Campanella, Tommaso 1568–1639 Italian Philosopher and Writer

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Campanella, Tommaso
Italian philosopher and writer

Tommaso Campanella was one of the great writers and thinkers in Italy in the early 1600s. He spent much of his life in jail because of his unusual religious views and his plots against the government. However, while imprisoned, he produced some of his most noted works, including his vision of the ideal society.

Dangerous Ideas. Giovanni Dominico Campanella adopted the name Tommaso when he entered the Dominican* religious order in 1583. A gifted scholar, he soon became dissatisfied with the works of Aristotle, the philosopher whose writings dominated the schools. He decided to create his own system of philosophy based on Christian sources. Campanella presented his ideas in Philosophy Proven by the Senses (1591).

In Campanella's system, everything that exists contains three parts that he calls primalities: power, knowledge, and love. He linked these three primalities to God the Father, God the Son, and God the Holy Spirit. This philosophy ran against the popular view that people were made of body and spirit. It also suggested that God was part of everything, including humans—a belief contrary to traditional Christian ideas.

Campanella's writings made him a target of the Spanish Inquisition*. For several years, he was in and out of jail. In 1595, the Inquisition brought him to Rome and forced him to deny what he had written. Two years later he was arrested again and ordered to return to his home in southern Italy. There Campanella became the leader of a political conspiracy* to end Spanish control of the kingdom of Naples. His goal was to found a new state based on the ideals of knowledge, shared wealth, and freedom of conscience.

In 1599 one of Campanella's co-conspirators betrayed him. He was arrested for both heresy* and conspiracy against the Spanish state. The authorities sent him to Naples, where he was tortured, forced to confess, and condemned to death. Campanella knew that it was illegal to execute an insane person, so he pretended to be mad. He escaped the death penalty but remained in jail for nearly 30 years.

Prison Writings. During his imprisonment, Campanella wrote many works of poetry and philosophy. The best known of these is The City of the Sun, written in 1602 and published in 1623. In this work, Campanella described his idea of the perfect society. He saw the government and the Catholic Church uniting to rule a perfect society that promoted education, science, and technology. All people, male and female, would be equal. They would wear white clothing and share property. There would be no marriage, but the community as a whole would raise children.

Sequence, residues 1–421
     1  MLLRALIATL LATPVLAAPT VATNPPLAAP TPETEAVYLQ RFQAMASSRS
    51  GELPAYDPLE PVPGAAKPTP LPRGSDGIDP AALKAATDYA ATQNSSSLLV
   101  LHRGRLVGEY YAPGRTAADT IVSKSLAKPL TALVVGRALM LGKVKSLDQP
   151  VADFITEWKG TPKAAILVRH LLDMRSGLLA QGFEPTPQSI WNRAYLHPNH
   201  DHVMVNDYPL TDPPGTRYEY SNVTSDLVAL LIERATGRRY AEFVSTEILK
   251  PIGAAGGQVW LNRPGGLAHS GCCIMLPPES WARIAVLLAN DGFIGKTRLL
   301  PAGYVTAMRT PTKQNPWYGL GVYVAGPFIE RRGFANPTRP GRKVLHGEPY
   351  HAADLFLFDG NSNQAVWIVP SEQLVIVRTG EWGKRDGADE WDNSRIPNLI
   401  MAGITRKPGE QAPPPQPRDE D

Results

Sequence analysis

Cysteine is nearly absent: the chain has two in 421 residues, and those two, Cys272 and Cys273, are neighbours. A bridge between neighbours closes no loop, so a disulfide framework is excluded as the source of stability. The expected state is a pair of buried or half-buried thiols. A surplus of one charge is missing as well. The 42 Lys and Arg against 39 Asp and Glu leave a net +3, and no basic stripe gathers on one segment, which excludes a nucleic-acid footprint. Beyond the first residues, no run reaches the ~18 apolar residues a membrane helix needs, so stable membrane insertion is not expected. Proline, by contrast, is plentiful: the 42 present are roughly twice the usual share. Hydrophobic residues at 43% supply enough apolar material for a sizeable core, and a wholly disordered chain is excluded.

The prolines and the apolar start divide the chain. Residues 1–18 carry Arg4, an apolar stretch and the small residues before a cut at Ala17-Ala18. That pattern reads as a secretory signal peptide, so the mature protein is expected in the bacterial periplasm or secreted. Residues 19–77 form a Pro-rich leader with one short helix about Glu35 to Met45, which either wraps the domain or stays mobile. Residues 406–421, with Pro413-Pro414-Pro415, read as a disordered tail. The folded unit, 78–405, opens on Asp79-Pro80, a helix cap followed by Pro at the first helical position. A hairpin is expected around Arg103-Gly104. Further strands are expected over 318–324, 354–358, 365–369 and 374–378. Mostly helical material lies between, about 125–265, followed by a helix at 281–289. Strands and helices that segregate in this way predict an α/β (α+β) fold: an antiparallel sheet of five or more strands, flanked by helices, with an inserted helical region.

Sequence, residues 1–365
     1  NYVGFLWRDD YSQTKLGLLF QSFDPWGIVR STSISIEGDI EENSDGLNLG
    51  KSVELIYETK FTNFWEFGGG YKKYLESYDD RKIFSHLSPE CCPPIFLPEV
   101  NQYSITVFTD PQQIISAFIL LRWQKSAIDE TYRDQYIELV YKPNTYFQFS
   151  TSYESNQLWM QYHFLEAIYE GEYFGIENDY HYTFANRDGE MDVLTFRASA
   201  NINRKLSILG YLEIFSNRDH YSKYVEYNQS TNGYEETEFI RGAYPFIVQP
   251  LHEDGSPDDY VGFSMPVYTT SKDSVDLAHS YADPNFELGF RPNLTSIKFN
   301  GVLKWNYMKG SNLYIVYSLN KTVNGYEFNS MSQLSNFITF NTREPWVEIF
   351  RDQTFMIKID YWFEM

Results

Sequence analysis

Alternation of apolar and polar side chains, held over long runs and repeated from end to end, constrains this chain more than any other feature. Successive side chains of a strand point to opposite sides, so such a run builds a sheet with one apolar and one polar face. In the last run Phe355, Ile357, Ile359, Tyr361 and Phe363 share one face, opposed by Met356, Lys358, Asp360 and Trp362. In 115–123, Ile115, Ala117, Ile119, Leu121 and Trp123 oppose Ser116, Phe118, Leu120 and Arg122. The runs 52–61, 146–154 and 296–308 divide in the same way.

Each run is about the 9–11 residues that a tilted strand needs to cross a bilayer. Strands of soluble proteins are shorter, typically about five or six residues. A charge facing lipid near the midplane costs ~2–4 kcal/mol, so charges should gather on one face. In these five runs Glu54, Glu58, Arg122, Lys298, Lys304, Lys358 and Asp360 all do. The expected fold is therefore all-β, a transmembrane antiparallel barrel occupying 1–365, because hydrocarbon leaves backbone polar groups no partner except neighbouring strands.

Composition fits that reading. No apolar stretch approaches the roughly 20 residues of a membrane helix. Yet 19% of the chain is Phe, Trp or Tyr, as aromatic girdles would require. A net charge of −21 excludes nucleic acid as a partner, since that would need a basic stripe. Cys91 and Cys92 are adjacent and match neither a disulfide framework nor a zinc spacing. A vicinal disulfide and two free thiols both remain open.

Campanella believed that the citizens of this ideal state would not need most of the Catholic Church's teachings. Being made of the three primalities, they would be able to understand the nature of God on their own. When he wrote The City of the Sun, Campanella believed that such a society could exist in the real world. At the same time, the same organizations that he expected to rule his ideal state—the government and the church—were keeping him in prison.

Even after a charge of heresy, Campanella had a strong reputation as a theologian*. In 1616 a cardinal asked Campanella to offer his view on the trial of the astronomer Galileo Galilei. Galileo had been accused of heresy for contradicting church teachings about the solar system. Campanella disagreed with Galileo's ideas, but in A Defense of Galileo (published 1622) he argued strongly for the astronomer's right to express his views. This courageous work has become famous as an appeal for freedom of thought.

With the help of Pope Urban VIII, Campanella was released from prison in 1626. After his release, he spent eight years in Rome. When he realized that the pope's protection was weakening, he fled to France, where he was already famous. King Louis XIII granted him a pension, and he continued writing until his death in Paris in 1639.

(See alsoAristotle and Aristotelianism; Inquisition. )

* Dominican

religious order of brothers and priests founded by St. Dominic

* Spanish Inquisition

court established by the Spanish monarchs that investigated Christians accused of straying from the official doctrine of the Roman Catholic Church, particularly during the period 1480–1530

* conspiracy

plotting with others to commit a crime

* heresy

belief that is contrary to the doctrine of an established church

* theologian

person who studies religion and the nature of God

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Campanella, Tommaso 1568–1639 Italian Philosopher and Writer

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